London - Nottinghamshire and England batsman James Taylor has been forced to
retire at the age of just 26 because of a "very serious" heart
condition, his county announced on Tuesday.
Taylor, who won the last of his seven caps in England's most recent
Test against South Africa at Centurion three months ago, withdrew from
Nottinghamshire's opening and ongoing County Championship match at home
to Surrey because of illness.
The Midlands county announced on its website on Tuesday that
"specialist scans revealed yesterday (Monday) that the 26-year-old has
the very serious heart condition, ARVC (Arrhythmogenic Right Ventricular
Taylor, whose condition requires surgery, told his Twitter followers:
"Safe to say this has been the toughest week of my life! My world is
upside down. But I'm here to stay and I'm battling on! #lifestooshort."
His diagnosis is similar to that of former Bolton Wanderers
footballer Fabrice Muamba, whose career was cut short after he collapsed
on the pitch in 2012.
England and Wales Cricket Board director Andrew Strauss, Taylor's
first England Test captain, said: "It is both shocking and saddening to
hear that James' career has been cut short in such a sudden and unexpected manner.
"Throughout his career, he has constantly impressed with his
determination to make the absolute most of his ability, and it is
immensely cruel that such a hard-working player will be unable to fulfil
his great potential in the international arena.
"The ECB will work closely with Nottinghamshire and together we will
do everything possible to help James through this difficult period, and
aid him in his recovery."
Taylor's absence from Nottinghamshire's first-class match against a
Cambridge student team last week was put down to a viral condition.
director of cricket Mick Newell said no one at Trent Bridge had any idea
about the severity of Taylor's condition.
"Myself and all of James' team-mates and colleagues are terribly sad
to hear this news, which comes as a big shock to us all," Newell said.
"He is a model professional, the most hard-working I've ever known in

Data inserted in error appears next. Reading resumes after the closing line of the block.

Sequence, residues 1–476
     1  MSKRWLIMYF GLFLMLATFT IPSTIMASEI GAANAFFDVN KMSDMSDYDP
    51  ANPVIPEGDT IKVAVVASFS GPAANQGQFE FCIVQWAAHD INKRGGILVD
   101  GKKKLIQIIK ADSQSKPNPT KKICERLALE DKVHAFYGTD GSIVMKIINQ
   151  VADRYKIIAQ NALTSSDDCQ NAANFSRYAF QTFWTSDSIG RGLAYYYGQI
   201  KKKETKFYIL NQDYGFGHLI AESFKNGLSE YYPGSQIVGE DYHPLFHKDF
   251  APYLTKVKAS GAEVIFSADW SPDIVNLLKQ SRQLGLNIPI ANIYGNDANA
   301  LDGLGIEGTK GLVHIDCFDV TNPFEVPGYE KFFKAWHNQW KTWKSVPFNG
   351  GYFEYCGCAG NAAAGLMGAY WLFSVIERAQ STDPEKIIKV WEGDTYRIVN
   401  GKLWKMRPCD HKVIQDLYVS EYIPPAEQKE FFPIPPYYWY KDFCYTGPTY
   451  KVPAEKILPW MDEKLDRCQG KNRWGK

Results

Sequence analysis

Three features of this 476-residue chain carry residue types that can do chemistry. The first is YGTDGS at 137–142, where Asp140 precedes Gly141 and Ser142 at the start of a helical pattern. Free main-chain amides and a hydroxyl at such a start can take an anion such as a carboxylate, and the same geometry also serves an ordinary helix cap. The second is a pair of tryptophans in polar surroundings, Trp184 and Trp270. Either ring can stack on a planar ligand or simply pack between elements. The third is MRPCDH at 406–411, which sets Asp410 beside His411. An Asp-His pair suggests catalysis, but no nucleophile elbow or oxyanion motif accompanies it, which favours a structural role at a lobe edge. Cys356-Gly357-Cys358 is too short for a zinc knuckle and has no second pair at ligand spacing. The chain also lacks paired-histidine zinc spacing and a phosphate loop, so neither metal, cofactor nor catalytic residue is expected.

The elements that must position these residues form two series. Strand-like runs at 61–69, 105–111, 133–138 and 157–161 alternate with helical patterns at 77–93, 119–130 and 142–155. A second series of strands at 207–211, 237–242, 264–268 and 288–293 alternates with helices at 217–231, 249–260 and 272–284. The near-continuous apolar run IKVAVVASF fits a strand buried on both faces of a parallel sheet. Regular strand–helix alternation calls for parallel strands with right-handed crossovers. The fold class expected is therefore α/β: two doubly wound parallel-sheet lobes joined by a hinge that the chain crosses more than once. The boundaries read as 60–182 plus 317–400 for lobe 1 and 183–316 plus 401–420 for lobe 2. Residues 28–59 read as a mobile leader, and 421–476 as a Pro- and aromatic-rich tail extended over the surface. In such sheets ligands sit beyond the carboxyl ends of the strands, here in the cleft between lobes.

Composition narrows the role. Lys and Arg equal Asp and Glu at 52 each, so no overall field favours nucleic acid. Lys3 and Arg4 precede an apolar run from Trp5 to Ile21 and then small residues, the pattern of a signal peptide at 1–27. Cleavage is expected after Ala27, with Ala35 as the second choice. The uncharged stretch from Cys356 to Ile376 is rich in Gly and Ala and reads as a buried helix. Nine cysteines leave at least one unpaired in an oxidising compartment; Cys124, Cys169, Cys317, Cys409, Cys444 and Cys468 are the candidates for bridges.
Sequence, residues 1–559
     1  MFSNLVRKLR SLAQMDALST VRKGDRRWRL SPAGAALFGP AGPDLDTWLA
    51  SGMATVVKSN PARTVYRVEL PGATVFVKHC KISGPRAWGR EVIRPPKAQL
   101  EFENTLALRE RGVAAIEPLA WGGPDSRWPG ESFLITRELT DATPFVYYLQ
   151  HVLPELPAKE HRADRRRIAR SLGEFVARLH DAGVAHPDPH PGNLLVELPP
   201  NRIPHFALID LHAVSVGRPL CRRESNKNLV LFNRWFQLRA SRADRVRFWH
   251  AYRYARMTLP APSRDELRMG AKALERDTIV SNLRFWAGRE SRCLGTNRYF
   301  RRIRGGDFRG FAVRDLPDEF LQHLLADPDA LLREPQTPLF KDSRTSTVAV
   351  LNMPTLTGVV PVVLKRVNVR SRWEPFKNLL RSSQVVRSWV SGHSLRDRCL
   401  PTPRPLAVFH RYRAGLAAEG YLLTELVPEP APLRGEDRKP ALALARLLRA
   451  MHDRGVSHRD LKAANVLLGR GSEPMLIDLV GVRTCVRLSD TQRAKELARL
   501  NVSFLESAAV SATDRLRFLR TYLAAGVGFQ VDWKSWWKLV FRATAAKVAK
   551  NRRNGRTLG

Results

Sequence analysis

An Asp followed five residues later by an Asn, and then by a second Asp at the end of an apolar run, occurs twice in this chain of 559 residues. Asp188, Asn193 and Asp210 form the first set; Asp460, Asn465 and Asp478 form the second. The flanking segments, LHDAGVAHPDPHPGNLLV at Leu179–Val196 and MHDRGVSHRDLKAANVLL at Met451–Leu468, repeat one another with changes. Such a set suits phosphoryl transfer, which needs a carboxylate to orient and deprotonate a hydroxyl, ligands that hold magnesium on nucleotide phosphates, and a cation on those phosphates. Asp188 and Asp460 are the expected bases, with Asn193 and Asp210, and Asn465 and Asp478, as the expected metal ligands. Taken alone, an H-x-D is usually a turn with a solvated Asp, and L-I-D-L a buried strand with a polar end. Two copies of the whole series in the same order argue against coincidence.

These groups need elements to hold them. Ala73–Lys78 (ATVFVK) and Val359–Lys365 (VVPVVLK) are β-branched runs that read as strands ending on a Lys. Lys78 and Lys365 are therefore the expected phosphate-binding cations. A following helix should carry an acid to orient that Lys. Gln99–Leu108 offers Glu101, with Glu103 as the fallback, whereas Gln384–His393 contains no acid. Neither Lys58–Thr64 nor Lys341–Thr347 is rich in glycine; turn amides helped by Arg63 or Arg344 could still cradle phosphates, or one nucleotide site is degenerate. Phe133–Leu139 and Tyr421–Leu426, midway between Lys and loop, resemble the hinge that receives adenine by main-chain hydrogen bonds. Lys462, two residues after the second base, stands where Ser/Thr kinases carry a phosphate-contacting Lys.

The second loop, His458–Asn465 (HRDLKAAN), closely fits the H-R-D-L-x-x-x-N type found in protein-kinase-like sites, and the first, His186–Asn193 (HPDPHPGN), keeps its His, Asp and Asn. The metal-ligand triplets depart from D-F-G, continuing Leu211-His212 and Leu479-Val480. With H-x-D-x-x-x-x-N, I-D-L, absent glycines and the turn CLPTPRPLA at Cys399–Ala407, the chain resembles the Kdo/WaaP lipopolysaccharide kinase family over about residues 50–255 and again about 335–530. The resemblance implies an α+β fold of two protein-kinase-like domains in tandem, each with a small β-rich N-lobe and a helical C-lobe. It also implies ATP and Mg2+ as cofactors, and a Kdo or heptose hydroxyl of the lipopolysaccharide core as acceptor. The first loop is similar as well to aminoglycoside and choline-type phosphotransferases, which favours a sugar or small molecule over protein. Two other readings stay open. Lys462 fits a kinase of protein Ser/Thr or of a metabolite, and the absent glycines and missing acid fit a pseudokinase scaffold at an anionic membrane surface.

cricket, making it all the more difficult to accept that his career has
been cut short in this way.
"It goes without saying that he has the very best wishes of us all in
terms of recovering from his operation, and that we are looking forward
to seeing him back at Trent Bridge when he is fit and able."
Former team-mates and opponents took to Twitter to voice their
sadness, with current England batsman Moeen Ali saying: "Such bad news
to hear about a top player @jamestaylor20what a talent. Wish you all the best in your recovery! Topguy."
Meanwhile Michael Clarke, the former Australia captain, said: "Really feel for @jamestaylor20Absolutely devastated for you."
Born in Nottingham, the diminutive Taylor - the son of a jockey -
made his first-class debut for Leicestershire in 2008, with the
middle-order batsman making his Test bow against South Africa at
Headingley four years later.
But after those first two caps in 2012, he had to wait more than three years for another Test appearance.
Recent months had witnessed some of Taylor's best international
performances, including impressive displays as a close-in fielder.
Although his seven Tests, in which he averaged a modest 26, did not
yield a hundred, with his top score of 76 coming against Pakistan in
Sharjah in November last year.
Taylor also made 27 one-day international appearances, averaging
42.23, with his lone century scored against Australia at Old Trafford in
His first-class career saw Taylor score more than 9 000 runs, at an average of over 46, including 20 hundreds.